But what is most memorable is the explanation I received from the academic vice president of my institution. He told me I had not received tenure because my manuscript lacked an "apparatus." When I expressed surprise and some dismay, he explained he meant a "scholarly apparatus." There was no overarching explanatory framework, no visible application of theory. Here was a paradox. The new frameworks that imperilled the book were invisible to this man. Either way, the book was judged to be insufficiently professional.

Interdisciplinary work raises the professional question, by whose disciplinary standards shall the work be judged? This is a professional problem, as my career exemplifies, but in the larger scheme of things, this is a solution, not a problem. The more work moves toward the interdisciplinary, the more it engages the largest issues of the humanities. Indeed, I think of biography as the queen of the humanities, synthesizing politics, history, culture, and literature in one accessible form. That the queen of the humanities lacks honor in the academy results not just from her popularity and interdisciplinary form, but from another paradox. We in the profession do not have well articulated critical tools for understanding biography. This is both cause and result of its low status.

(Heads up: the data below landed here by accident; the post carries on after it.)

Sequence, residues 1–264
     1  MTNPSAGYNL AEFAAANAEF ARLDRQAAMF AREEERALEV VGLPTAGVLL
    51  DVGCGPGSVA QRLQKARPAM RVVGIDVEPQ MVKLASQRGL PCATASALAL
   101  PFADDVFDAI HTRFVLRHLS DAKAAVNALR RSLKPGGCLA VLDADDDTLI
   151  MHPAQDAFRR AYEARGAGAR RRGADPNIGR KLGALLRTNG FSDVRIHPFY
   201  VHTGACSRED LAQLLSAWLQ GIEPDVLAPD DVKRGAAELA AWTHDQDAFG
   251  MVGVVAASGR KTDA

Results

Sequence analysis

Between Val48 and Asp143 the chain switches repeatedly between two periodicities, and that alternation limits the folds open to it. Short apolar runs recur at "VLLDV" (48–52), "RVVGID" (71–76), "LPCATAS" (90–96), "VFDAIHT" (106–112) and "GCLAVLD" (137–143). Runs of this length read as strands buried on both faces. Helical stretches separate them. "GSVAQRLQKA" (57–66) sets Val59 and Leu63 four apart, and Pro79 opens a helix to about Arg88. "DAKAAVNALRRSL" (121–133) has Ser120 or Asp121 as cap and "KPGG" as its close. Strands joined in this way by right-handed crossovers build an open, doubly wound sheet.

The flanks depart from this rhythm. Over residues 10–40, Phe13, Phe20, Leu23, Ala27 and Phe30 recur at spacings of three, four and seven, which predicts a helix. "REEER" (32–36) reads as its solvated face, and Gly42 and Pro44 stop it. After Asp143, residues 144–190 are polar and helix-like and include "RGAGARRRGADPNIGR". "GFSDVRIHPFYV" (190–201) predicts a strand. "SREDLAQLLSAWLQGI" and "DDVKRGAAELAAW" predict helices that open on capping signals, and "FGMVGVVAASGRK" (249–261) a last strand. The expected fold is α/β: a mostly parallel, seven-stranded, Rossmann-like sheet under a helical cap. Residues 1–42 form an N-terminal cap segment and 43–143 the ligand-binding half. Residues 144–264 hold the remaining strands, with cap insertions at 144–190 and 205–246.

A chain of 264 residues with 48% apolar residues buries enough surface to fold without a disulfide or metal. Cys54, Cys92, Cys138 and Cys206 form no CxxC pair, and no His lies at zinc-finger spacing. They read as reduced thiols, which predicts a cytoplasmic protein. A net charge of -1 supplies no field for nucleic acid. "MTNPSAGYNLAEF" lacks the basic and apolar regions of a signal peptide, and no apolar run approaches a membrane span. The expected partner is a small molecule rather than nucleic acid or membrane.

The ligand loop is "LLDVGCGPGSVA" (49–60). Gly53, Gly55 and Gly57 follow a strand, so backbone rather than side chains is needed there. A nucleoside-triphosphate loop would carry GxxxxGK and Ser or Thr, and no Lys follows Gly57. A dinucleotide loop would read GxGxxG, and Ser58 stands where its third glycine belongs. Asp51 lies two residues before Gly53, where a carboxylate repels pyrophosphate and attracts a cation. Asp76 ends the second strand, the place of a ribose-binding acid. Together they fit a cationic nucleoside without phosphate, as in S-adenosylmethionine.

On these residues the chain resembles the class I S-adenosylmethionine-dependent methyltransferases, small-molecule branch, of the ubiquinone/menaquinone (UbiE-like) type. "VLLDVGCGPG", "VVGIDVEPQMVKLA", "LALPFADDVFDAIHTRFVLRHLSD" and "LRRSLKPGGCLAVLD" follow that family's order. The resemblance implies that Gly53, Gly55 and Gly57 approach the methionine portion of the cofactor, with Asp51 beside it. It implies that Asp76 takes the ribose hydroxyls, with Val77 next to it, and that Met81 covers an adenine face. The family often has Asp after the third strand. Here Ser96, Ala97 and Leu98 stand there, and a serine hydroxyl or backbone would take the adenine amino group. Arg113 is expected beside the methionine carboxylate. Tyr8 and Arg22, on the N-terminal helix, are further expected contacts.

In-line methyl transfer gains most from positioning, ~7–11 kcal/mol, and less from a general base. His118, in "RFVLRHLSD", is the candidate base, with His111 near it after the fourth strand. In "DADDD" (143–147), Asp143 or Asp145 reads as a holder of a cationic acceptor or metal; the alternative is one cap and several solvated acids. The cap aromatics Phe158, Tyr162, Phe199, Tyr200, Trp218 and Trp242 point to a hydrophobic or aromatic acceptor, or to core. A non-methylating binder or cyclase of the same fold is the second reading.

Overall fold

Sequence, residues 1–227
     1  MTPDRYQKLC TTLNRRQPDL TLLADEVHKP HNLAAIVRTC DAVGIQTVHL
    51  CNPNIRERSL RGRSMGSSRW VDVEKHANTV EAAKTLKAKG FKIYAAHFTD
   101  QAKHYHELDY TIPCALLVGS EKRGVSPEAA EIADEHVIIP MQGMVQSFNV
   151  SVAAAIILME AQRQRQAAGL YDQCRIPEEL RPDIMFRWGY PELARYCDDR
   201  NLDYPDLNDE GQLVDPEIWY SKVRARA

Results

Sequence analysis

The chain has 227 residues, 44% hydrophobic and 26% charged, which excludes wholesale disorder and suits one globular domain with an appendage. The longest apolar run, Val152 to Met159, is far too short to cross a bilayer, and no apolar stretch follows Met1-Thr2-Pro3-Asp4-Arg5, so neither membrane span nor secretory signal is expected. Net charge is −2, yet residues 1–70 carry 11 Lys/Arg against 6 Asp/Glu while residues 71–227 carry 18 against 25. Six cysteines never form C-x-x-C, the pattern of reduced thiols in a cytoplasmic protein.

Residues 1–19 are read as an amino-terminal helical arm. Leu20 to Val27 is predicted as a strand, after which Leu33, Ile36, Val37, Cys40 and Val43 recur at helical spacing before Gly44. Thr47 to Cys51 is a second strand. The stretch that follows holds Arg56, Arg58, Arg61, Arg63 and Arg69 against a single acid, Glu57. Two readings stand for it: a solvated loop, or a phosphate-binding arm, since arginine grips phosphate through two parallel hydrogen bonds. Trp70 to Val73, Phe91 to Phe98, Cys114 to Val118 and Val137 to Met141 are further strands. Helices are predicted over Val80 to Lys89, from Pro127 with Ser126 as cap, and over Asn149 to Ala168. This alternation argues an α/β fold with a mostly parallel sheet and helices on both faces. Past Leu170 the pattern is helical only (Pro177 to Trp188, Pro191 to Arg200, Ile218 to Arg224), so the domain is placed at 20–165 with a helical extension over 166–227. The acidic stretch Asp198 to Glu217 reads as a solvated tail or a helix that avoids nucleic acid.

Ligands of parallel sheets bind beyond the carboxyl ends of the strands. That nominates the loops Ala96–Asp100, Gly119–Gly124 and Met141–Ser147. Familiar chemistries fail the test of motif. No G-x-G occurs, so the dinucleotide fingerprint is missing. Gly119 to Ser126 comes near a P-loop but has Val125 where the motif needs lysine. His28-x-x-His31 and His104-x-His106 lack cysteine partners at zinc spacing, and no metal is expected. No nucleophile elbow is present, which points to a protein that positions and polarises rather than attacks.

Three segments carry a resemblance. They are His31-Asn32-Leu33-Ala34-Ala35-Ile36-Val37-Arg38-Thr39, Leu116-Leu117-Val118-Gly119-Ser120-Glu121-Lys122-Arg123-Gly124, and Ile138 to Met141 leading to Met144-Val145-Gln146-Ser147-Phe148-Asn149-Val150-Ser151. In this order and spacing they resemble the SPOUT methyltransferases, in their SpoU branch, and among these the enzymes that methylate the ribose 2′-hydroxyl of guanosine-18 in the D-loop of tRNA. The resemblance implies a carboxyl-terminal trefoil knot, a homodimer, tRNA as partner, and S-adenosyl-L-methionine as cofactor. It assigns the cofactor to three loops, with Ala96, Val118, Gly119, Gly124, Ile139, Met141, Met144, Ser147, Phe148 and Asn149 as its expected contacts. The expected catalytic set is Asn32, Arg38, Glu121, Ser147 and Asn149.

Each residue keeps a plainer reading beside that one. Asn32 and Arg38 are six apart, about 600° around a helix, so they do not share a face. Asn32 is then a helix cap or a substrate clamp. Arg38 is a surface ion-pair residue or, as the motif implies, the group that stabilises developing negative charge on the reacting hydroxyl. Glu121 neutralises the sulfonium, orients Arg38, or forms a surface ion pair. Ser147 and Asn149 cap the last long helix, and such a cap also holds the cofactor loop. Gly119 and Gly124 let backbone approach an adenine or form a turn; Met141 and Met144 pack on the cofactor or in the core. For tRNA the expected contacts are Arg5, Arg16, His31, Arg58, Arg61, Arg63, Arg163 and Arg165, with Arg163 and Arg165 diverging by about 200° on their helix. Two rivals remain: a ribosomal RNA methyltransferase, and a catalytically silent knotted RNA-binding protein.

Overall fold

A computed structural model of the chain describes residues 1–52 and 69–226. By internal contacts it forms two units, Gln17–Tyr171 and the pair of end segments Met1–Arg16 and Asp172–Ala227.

If biography is low-power history, neither is it considered high literature, recognizable in the profession by the number of critical articles written about it. We have reviews of biographies (typically more about the life of the subject than the work of the biographer) and essays about the writing of biography (more often written by biographers than critics), but where are the scholarly articles devoted to analyzing patterns of selection and modes of organization that inform a particular biography? Why do we not have essays with titles such as "Voice and Argument in Nancy Milford's Zelda"? Since we don't, it seems fairly obvious that biography is not generally assumed within the profession to be an art.